Superconductivity of trilayer graphene confirmed

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In the world of superconductor engineering, heat has always been an issue. While reducing the energy loss of electrons moving through a material is ideal in power grids and other applications, existing superconductor technology must be operated at exceedingly high temperatures to deliver the desired results.

Recently, however, scientists have discovered that thin layers of carbon, known as trilayer graphene, conduct electricity with no net energy loss at 1.7 degrees Kelvin, which is just slightly above absolute zero. The researchers who stumbled upon this discovery (with nothing more than Scotch tape and overflowing ingenuity) see their trilayer graphene as a replacement for existing superconductors. The Neutrino Energy Group, however, see even greater potential for this discovery.

The Trilayer Graphene Superconductor and Neutrino Energy

In fact, leading neutrino energy scientists are quite a bit ahead of the curve. Back in 2015, Holger Thorsten Schubart, the CEO of the Neutrino Energy Group, announced and patented a conductive material quite similar to the newly-discovered trilayer graphene superconductor. In this patent, Schubart describes a “neutrino film” that is capable of responding to the motion of neutrinos as they pass through the planet in their countless trillions every day. Read full article here.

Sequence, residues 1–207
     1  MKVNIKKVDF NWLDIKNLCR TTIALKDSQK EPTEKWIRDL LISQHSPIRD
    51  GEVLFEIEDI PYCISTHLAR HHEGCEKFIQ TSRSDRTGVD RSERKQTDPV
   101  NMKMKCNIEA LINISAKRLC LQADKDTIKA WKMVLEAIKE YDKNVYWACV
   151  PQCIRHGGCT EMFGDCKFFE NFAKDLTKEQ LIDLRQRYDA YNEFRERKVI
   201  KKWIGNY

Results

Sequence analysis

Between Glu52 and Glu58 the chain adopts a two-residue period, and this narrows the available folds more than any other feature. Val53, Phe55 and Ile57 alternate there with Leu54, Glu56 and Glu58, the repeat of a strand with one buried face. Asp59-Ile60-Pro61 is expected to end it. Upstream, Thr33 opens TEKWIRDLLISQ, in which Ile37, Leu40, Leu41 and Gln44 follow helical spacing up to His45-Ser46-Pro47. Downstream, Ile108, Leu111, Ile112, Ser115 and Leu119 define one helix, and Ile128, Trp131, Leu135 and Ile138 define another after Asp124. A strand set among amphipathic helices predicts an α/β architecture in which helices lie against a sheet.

About the National Graphene Association (NGA)

The National Graphene Association is the main organization and body in the U.S. advocating and promoting the commercialization of graphene. NGA is focused on addressing critical issues such as policy and standards development that will result in effective integration of graphene and graphene-based materials globally. NGA brings together current and future graphene stakeholders — entrepreneurs, companies, researchers, developers and suppliers, investors, venture capitalists, and government agencies — to drive innovation, and to promote and facilitate the commercialization of graphene products and technologies.


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